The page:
In the early hours of Friday, police were sent out to an explosion in central Malmö. Windows were shattered, a car damaged, but no one was injured. Three suspects were held shortly after the blast.
Just a couple of hours later police were called out to a blast in Växjö. The same morning a car was demolished in a blast at a car park in Landvetter, Gothenburg. No one was injured.
They were the latest incidents in a trend that has so far seen twice the number of explosions in Sweden this year as the same period last year. The Local investigated what's behind the blasts in this article this week.
“If you also compare to other countries in Europe and the world that are as developed as we are, we stick out,” Ylva Ehrlin, national bomb squad analyst, told Swedish news agency TT on Friday.
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The bomb squad is also called out to suspected bombs that are discovered before they detonate. So far this year there have been 76 such cases, according to Ehrlin's breakdown of the statistics.
“It's an unacceptably large number,” she said.
“This is an undesirable development. It is very serious, a social problem. You can't just remove the explosives and the tools, you also have to find the cause. In the past there were shootings, now we've got explosions.”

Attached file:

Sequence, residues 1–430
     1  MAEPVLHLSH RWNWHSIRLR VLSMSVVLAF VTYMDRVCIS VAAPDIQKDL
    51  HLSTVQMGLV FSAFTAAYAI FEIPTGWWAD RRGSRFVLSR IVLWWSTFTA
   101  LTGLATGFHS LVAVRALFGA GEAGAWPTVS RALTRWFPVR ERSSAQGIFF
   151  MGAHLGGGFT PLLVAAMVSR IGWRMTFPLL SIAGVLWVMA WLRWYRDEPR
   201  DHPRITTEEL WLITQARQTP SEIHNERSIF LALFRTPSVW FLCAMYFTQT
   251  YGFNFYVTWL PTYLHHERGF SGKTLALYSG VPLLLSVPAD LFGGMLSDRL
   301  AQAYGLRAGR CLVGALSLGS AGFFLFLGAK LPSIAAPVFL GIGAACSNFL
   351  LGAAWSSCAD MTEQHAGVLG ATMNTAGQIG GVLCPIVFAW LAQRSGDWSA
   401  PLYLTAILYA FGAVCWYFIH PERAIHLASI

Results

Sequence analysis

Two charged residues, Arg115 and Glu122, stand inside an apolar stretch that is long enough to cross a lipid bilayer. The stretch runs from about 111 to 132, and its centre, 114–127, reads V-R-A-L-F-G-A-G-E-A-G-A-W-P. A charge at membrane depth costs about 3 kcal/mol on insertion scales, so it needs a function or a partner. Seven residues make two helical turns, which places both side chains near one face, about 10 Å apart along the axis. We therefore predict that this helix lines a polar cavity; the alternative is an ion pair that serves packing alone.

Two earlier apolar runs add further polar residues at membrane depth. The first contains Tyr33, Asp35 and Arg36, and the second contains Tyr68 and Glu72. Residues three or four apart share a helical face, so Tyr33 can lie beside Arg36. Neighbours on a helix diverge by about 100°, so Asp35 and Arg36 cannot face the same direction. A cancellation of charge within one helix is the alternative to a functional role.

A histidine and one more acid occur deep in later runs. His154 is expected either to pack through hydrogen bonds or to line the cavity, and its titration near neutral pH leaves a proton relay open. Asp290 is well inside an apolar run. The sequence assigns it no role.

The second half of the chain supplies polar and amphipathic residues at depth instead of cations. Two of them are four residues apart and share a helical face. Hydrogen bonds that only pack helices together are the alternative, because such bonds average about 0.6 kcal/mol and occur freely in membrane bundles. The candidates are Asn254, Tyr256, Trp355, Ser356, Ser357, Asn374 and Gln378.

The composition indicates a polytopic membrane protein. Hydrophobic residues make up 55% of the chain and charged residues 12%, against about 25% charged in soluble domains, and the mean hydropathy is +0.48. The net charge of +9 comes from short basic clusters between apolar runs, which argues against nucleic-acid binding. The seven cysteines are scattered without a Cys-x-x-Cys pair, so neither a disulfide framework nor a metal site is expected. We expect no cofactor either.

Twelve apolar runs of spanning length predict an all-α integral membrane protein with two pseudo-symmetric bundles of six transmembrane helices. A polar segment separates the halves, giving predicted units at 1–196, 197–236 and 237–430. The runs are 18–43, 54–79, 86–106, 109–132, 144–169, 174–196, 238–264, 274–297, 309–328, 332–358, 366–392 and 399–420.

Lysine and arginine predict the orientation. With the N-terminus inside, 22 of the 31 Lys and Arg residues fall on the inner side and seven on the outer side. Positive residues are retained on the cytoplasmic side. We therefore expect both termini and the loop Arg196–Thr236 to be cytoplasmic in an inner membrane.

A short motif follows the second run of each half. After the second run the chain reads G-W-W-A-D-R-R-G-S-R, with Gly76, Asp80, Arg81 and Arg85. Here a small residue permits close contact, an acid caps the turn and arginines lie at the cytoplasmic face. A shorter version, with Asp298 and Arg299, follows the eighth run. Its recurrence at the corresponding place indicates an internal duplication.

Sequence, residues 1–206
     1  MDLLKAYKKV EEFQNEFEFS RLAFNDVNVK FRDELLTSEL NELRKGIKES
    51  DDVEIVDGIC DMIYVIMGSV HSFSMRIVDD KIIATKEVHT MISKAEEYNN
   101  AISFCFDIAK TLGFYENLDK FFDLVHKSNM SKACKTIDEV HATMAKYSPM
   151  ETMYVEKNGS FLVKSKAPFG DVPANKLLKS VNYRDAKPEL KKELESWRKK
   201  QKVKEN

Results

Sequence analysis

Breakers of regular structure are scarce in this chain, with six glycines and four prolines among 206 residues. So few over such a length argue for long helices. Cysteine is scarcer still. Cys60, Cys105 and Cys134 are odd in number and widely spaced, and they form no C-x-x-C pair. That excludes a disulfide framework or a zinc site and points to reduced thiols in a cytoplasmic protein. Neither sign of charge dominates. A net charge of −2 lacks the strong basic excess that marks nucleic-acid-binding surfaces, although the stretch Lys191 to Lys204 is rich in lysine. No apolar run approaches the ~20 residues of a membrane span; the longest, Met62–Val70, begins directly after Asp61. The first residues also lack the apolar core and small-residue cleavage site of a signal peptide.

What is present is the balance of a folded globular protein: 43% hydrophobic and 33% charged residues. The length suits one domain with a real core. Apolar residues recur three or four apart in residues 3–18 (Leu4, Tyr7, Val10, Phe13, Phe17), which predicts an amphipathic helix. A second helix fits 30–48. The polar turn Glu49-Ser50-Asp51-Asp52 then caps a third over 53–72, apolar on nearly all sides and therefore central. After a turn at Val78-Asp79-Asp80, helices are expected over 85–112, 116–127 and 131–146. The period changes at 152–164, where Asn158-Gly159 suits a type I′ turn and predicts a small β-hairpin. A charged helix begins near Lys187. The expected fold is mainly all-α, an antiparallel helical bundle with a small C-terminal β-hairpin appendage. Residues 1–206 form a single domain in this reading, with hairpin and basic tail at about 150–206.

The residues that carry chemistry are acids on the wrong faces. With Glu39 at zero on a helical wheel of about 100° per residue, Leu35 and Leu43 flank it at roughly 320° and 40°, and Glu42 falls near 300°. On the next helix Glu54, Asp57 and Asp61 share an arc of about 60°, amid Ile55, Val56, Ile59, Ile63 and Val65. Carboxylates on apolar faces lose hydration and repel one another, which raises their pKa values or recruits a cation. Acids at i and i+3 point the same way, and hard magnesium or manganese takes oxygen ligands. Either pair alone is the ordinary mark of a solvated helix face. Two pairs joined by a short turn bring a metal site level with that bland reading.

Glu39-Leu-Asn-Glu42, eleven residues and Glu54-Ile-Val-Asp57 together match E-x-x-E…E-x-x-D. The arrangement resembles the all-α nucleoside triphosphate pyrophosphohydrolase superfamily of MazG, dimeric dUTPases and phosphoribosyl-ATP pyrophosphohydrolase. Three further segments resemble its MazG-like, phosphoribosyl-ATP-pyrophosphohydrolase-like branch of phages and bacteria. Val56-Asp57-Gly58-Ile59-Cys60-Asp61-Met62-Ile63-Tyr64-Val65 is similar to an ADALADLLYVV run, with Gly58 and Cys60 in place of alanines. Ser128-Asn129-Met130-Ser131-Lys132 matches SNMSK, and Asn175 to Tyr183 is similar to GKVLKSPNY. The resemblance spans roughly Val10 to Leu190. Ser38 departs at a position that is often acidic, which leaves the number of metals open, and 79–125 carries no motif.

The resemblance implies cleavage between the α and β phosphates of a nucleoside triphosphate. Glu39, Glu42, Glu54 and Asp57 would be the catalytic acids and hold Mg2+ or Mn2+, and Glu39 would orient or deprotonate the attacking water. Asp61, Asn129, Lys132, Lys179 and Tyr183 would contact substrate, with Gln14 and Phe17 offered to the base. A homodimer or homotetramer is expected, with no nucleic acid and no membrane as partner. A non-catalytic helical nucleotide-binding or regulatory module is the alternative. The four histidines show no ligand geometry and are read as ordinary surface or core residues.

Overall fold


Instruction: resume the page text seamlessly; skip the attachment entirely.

There have been no deaths linked to the blasts in the past year, but several injuries.
In December 2018 a teenager almost died in a blast in Malmö, for which he was later charged on suspicion of being behind the explosion. In September 2019 a female student was seriously injured when she happened to walk past an explosive device just as it detonated in the street in Lund.
The blasts vary in size, and many of them are minor. But a major explosion in Linköping earlier this year was described as 30 to 40 times as big a charge as previous attacks, with around 25 people lightly injured and police saying it was a “miracle” no one was seriously hurt. But Ehrlin believes it may just be a matter of time.
“The risk is very high. We have so far been incredibly lucky, you just don't have that kind of luck. Take the explosion in Linköping for example. It is incredible that no one has died,” she told TT.
She argues that the explosions are more dangerous for bystanders than many other crimes.
“You control a weapon until you fire it, and you're usually aiming at the intended target. You don't control an explosive charge in the same way, especially not if you are a criminal without knowledge of the area. You don't have any control over the target and the effect,” said Ehrlin.
Read more about the criminal networks and the explosions here.